When politics is criminalized

I raise this alarm as a loyal liberal who has supported every Democratic candidate for president since I campaigned for Adlai Stevenson in 1952. Yet because of my strong opposition to open-ended criminal laws, some critics on the left have accused me of becoming “President Trump’s attack dog.” Nothing could be further from the truth. I worked to prevent the election of Donald Trump, and since his swearing in, I have been critical of many of his actions, including his travel ban, his rescission of protections for “Dreamers,” his telling the Russians about intelligence gathering and his failure to single out white nationalists for their provocations in Charlottesville.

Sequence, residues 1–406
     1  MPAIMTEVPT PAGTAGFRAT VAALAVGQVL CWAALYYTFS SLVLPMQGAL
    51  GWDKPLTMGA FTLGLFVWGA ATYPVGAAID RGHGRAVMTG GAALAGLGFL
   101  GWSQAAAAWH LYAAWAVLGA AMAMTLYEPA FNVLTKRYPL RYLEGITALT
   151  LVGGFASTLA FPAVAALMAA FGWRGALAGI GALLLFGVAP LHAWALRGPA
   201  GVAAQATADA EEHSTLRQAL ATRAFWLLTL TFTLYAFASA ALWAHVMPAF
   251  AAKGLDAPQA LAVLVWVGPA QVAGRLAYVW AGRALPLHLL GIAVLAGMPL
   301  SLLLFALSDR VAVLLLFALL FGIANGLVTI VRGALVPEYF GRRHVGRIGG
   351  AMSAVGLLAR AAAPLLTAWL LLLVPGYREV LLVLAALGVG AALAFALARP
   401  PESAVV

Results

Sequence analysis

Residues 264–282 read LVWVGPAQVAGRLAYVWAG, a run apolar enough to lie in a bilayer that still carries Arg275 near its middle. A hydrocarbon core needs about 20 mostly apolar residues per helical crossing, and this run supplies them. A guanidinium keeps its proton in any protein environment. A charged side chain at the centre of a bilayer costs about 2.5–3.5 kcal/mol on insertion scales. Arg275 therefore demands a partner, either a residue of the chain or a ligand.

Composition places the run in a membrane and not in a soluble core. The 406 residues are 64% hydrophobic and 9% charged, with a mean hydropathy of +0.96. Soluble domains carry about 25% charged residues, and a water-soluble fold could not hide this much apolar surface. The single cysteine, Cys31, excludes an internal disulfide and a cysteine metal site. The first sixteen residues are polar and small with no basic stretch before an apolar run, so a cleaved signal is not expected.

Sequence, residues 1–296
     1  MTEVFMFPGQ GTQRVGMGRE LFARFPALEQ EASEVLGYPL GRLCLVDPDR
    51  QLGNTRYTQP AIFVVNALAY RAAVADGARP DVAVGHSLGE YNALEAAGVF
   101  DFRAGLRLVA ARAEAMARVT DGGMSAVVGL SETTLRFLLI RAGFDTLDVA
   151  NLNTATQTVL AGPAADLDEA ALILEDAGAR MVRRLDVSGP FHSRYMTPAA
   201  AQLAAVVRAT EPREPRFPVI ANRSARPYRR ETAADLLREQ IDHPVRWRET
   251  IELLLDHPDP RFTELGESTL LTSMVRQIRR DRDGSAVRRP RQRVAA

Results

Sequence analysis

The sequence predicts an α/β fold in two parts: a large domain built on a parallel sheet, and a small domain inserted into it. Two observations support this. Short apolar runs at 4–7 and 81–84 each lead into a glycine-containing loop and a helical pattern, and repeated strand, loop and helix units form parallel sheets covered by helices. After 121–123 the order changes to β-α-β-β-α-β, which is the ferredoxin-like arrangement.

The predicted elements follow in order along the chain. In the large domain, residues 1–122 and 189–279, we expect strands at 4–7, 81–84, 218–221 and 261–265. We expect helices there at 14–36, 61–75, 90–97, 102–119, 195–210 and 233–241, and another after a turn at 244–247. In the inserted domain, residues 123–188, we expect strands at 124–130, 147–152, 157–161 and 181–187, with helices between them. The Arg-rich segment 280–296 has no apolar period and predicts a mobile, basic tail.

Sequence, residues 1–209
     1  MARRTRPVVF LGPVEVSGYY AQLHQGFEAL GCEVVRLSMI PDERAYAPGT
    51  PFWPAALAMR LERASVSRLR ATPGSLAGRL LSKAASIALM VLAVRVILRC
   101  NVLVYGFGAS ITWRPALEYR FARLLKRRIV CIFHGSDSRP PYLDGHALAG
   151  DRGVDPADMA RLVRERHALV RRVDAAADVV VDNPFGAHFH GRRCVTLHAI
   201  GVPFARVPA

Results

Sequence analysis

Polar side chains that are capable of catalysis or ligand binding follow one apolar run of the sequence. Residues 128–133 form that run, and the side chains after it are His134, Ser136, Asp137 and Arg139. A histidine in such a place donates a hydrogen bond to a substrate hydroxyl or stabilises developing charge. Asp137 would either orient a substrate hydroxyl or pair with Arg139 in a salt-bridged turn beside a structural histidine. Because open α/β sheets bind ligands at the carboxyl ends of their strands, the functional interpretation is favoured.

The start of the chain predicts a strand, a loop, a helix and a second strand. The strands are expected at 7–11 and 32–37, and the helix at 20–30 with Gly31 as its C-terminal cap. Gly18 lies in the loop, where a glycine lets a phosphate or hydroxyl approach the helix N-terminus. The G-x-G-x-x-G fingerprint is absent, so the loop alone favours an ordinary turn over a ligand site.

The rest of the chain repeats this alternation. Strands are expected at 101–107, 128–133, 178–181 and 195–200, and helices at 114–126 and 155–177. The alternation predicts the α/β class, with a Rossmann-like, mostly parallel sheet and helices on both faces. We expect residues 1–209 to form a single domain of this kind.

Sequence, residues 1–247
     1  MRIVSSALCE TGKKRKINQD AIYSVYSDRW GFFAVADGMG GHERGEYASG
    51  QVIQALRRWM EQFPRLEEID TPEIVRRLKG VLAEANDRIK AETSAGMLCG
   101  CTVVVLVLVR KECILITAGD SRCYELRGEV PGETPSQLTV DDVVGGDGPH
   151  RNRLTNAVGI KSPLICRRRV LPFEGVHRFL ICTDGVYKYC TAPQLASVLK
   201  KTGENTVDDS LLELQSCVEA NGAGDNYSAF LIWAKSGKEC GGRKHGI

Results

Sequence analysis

But elastic criminal laws should not be stretched to cover Mr. Trump’s exercise of his constitutionally authorized power. When the president asked the director of the F.B.I. to drop its investigation into Michael Flynn, the former national security adviser, or fired James Comey from the F.B.I., or provided classified information to the Russians, he was acting within his constitutional powers. Those actions may deserve opprobrium, but they should not be deemed criminal. The proper place to litigate the wisdom of such actions should be at the ballot box, not in the jury box.